|No hidden meanings in these books...|
Sometimes they even chose titles. Why? Because they've been at it and they (hopefully) know what they're doing. I've seen some author chosen covers and they are not good. For example, Vanessa Sleeping Naked is Green. But I like it. It's funny. It represents the book well, which is also funny. Writers write and publishers market. So go marketing team, you sold me a book. See, not all marketing is bad. Farquharson hated the cover of her book,
Political books often feature a photo of the author on the cover. That's because publishers know that the readers who are going to pick that book up are doing it because they recognize the author and may want to read what they have to say. Many of those authors may not have chosen to put themselves on the covers (or maybe they would. Ugh, politicians).
|About Beck's ego, not Washington|
In some cases a cover can help give you an idea of the writing quality and how much faith a publisher has in the book to begin with. I won't name any names because I'm not out to insult anyone, but some covers just look thrown together. If little effort was put into creating an intriguing cover, it may be that the publisher was less excited about it. All authors will want a high-quality, expensive-looking cover, but sometimes the books just don't merit one. Don't worry too much about this though when shopping, because of the reasons below.
Publishers know their audience. They know what age, gender, and interests they should target in their readers and will pick a cover that appeals to those people. For example, when I look for a kids' book, I don't want anything that is too strongly male or female. I like stories to be fantastical, but not strictly fantasy. I also like things kind of creepy, but not scary. No surprise that I picked up Gustav Gloom, The Girl who Circumnavigated, and also The Tell-Tale Start. All of these books have gender neutral* covers and are a little mysterious-looking. Loved them. Harry Potter? Yep, you fit the bill.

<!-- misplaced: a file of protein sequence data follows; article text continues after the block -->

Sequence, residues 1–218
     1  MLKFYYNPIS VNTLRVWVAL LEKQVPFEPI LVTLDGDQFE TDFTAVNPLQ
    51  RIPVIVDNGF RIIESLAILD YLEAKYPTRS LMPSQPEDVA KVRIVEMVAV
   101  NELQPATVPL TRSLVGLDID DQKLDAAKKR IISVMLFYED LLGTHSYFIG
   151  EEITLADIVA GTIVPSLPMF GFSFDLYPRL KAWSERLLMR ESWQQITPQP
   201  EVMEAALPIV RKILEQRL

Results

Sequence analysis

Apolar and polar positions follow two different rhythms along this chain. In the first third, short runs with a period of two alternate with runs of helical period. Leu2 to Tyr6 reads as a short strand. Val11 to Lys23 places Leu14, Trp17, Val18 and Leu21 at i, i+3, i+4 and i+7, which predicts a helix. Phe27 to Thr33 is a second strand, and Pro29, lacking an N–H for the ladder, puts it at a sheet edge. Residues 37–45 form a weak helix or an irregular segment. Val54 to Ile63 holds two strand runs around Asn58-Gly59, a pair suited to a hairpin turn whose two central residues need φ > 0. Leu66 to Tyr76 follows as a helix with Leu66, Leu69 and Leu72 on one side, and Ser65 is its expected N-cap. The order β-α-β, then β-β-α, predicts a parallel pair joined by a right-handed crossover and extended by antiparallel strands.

I also hate reading books about young love, lust, or anything in between. It's a no-brainer that I won't be reading Sarah Dessen this summer, as all of her covers are marketed to a female audience and have all kinds of hearts and frills on the covers. I don't like violence either, so I won't be reading Department 19. That doesn't mean these are bad books, it just means they were not marketed to my interests.
|Personal copy #127|
Sometimes a book gets a new cover to appeal to a newer audience. Ursula Le Guin's books got new covers that appeal to a slightly younger audience than they did originally. That makes sense because a YA reader could enjoy them just as much as a reader of adult fantasy. Classic books often get neat classic, old-timey looking covers, to show off their timelessness. (How many editions of Jane Eyre do I own, just because I loved the covers? I'll never tell.)
|Yellow and about lights! Perfect!|
3. Because you can:
You should pick up a book and be dazzled from the very start, meaning the cover. You should be excited to open the book and get to reading. Something about it should grab you and hold you. A great cover is the first step to that. Plus, you know best what looks prettiest in your home library. I have a preference for yellow and orange books, myself. No reason. Just do.
*By gender neutral I mean that the book doesn't try to be a "boy book" or a "girl book." You know, no fairies, gun, sports, or cleavage. Nothing that screams "I THINK GENDER IS IMPORTANT AND IN ORDER TO BE A PROPER GIRL/BOY YOU SHOULD LOVE THIS BOOK." It does not mean that there are no male or female characters on the cover.